The original version of this column was mistakenly shredded and chucked into the garbage with the draft of another column that I had already published early this morning. The published one regarded the fact of whether, indeed, there was any need for President Addo Dankwa Akufo-Addo to follow through with his landmark decision of creating six additional regions in the country. The one that I am recreating presently had Dr. Kobby Mensah, of the University of Ghana’s School of Business, livid and bitterly decrying the reasons given by Mr. Robert Cudjoe, the Public Relations Officer of the country’s flagship health center, the Korle-Bu Teaching Hospital (KBTH), for the increasing inability of Ghana’s oldest and largest hospital to handle the intake of patients that Korle-Bu gets confronted with every year.
According to Mr. Cudjoe, it is not simply that the country’s population growth over the last couple of decades has not been met with the necessary expansion and state-of-the-art equipment of the 92-year-old hospital, but that Ghanaians, by and large, are giving birth at such a runaway pace or scale that if great care is not taken, the capacity of Korle-Bu and many of the other major hospitals in the country may very well collapse and with it the entire public healthcare system in this country of just under 30 million people.
In the original version of this column, I note that Dr. Mensah errs almost as egregiously as the Korle-Bu PRO because as a lecturer or professor of Business Management or Business Administration, the critic ought to have known that when the PRO of the Korle-Bu Teaching Hospital, a civil servant and a nonexecutive public employee, breaches his professional code of ethics, it is not the President of the Democratic Republic of Ghana who is called upon to discipline the target of one’s complaint. Rather, the first step in the chain of command to petition to have the Korle-Bu Hospital’s PRO sanctioned is the hospital’s administrator. You do not call or address either the President of Ghana or even Mr. Kwaku Agyemang Manu, the Minister of Health, or even the Director-General of the Ghana Medical Services, Dr. Nsiah Asare. Equally significant, I noted in the original version of this column that the response given by Mr. Cudjoe, vis-à-vis the acute population pressure on the medical resources and facilities of Korle-Bu, was not totally remiss or out of order.
There is, indeed, something meaningful or productive to be said for Family Planning in the country or the strategic use of contraceptives or birth-control pills or tablets. But in reality, a more constructive approach to the problem of Korle-Bu’s operational capacity ought to have been for the hospital’s PRO, Mr. Cudjoe, to have conducted some research, even casual research, to ascertain the fact of whether, indeed, it is primarily undue population pressure that is taking such a functionally incapacitating toll on Korle-Bu or, rather, it is the glaring fact that our politicians and community leaders have not been giving the requisite attention and funding support to not only Korle-Bu but most of the country’s major hospitals and health centers as a whole. Or it could be a mischievous combination of both underfunding and the reproduction of humans at an unacceptably exponential rate.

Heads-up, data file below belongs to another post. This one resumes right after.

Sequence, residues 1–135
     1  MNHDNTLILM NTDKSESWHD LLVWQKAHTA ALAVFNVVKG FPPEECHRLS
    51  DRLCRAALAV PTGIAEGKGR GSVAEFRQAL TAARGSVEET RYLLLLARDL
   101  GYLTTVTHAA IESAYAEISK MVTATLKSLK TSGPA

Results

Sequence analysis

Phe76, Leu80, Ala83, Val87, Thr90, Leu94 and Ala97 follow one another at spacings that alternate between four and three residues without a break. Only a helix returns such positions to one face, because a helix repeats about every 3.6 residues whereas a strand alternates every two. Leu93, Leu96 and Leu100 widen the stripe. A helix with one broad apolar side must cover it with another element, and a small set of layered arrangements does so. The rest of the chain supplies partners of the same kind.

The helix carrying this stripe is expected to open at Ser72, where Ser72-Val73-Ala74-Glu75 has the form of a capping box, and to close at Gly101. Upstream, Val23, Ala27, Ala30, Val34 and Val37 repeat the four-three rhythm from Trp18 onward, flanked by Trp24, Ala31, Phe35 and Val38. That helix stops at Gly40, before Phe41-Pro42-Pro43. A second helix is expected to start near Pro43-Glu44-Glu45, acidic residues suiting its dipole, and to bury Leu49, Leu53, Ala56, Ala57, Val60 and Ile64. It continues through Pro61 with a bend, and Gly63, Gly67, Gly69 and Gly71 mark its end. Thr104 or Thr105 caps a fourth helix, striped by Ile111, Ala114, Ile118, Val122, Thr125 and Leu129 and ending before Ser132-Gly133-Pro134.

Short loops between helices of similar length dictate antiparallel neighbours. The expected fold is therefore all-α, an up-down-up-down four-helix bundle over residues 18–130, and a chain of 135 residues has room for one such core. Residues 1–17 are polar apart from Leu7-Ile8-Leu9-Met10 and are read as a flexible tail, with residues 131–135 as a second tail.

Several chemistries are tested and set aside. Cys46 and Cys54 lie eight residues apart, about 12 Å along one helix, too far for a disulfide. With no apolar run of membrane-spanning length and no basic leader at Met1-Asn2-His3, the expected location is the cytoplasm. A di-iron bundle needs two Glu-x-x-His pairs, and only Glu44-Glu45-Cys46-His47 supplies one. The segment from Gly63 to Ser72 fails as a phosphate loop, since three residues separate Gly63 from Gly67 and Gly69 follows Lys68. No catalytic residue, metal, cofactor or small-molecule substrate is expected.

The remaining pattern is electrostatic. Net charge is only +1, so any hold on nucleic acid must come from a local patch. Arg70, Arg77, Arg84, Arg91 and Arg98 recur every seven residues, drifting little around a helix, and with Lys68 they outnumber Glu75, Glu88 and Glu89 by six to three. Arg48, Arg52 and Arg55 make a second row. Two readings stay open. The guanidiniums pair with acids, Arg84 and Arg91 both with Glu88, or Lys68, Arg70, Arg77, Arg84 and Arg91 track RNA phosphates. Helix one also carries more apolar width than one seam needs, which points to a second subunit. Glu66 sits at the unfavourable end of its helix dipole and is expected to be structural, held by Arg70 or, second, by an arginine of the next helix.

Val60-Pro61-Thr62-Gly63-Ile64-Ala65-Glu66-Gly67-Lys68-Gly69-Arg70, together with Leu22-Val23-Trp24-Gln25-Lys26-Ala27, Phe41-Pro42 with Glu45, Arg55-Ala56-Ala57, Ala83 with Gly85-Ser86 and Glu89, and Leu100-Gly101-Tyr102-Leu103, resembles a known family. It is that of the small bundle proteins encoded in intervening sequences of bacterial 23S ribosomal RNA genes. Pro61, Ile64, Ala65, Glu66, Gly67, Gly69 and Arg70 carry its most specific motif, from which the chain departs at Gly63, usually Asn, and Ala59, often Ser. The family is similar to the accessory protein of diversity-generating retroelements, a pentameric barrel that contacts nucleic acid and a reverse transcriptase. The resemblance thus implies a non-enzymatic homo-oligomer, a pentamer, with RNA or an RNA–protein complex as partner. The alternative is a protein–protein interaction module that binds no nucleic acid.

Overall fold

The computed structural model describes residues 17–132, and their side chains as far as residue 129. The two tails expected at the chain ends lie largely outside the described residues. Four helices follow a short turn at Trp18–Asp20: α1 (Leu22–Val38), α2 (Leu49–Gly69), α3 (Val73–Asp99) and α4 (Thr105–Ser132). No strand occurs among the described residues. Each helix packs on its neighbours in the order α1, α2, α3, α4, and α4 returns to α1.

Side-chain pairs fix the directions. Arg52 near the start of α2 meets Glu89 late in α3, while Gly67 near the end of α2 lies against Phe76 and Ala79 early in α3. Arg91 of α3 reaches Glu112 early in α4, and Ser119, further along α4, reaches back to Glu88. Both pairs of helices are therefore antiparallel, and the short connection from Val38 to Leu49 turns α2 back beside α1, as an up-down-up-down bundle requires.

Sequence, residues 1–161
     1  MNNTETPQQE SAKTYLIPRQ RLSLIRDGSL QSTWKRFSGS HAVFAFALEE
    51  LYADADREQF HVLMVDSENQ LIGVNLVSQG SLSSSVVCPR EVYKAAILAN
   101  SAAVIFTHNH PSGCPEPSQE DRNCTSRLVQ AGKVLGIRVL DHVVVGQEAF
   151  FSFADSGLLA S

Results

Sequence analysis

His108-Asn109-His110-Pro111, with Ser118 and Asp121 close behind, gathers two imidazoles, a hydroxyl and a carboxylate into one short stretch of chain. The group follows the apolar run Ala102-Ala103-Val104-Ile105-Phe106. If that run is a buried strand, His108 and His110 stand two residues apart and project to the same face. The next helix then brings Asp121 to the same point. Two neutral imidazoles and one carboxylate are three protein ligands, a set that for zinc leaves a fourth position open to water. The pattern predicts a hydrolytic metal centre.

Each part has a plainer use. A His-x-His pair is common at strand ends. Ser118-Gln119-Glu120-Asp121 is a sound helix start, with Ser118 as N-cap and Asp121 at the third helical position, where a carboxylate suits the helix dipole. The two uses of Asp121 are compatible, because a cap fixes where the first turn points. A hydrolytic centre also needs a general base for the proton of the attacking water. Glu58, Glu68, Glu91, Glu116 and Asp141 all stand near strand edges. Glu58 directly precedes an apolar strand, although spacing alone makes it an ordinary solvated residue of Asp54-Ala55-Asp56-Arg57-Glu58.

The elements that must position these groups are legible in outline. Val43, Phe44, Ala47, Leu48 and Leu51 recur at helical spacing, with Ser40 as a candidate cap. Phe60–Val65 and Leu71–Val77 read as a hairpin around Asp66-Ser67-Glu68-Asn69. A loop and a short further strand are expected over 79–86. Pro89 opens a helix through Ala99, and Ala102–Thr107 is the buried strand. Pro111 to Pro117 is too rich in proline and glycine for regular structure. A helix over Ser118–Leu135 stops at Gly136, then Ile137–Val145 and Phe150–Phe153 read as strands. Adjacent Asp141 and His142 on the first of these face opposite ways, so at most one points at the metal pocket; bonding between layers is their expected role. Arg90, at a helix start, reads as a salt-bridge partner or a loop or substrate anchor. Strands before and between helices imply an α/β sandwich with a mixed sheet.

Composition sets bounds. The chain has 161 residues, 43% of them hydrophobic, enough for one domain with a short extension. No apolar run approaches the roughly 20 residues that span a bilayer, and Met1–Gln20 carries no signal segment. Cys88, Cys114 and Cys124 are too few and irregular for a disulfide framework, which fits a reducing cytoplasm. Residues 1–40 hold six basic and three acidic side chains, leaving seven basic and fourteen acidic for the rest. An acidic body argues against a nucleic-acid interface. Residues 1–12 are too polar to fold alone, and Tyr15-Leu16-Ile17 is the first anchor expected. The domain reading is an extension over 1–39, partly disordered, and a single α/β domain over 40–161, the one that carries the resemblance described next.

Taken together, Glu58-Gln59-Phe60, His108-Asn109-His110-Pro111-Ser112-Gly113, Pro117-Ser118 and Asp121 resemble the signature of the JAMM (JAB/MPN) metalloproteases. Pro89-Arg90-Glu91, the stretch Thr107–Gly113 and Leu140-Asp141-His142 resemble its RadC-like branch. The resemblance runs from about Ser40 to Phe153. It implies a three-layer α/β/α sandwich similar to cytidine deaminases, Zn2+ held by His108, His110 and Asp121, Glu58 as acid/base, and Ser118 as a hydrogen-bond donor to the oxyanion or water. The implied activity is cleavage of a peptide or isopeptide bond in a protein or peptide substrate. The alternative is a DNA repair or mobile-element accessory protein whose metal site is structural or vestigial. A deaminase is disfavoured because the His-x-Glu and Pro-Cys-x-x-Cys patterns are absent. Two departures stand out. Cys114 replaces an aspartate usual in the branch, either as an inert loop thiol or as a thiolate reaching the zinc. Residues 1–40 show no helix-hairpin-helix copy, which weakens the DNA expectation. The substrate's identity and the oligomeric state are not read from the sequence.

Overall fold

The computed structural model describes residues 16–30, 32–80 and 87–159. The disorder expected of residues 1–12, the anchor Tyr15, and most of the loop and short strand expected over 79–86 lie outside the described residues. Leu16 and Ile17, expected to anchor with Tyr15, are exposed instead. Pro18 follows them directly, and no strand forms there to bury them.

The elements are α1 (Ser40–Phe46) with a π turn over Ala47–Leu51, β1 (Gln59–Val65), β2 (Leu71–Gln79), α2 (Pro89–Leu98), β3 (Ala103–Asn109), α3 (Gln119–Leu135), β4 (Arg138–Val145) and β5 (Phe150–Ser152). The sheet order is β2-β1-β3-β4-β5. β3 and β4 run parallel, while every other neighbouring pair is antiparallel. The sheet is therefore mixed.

As Korle-Bu’s PRO, Mr. Cudjoe ought to be familiar with the principles of diplomacy, which counsels the imperative need for him to explain to a reasonably and an understandably wistful public that the authorities of the hospital were working hard to meet the unusually high demands of a fast-increasing population on the resources of the hospital. Blaming the victim ought to be the last step in the job description of the PRO of any reputable establishment. Either Mr. Cudjoe has become too comfortable with his job as to have unhealthily arrived at the lunatic fringe of invincibility, or it is just that the man has simply lost touch with the practical demands of the job, in which case he may do himself great good by seriously considering either voluntary retirement or resignation or expect to be fired in the offing. I don’t know the man; neither have I followed his allegedly wayward rants in the studious manner in which Dr. Mensah appears to have done.
Nonetheless, I can readily vouch for the imperative need for Mr. Cudjoe to be ordered by his boss to undergo some form of professional and/or psychological counseling. If Korle-Bu’s PRO does not see anything wrong with the perennially poor funding of our public healthcare system, then, of course, there must be something fundamentally amiss with his thinking cap, as it were. In short, what I sincerely see happening here in order to set things right is for the government to both mount a massive campaign on contraception and the imperative need for population control, on the one hand, and the equally imperative need to providing adequate funding for our national healthcare system. As well, I counseled the need for the government to cultivate a good working relationship with the private healthcare industry, in particular regarding the management of the National Health Insurance Scheme (NHIS).
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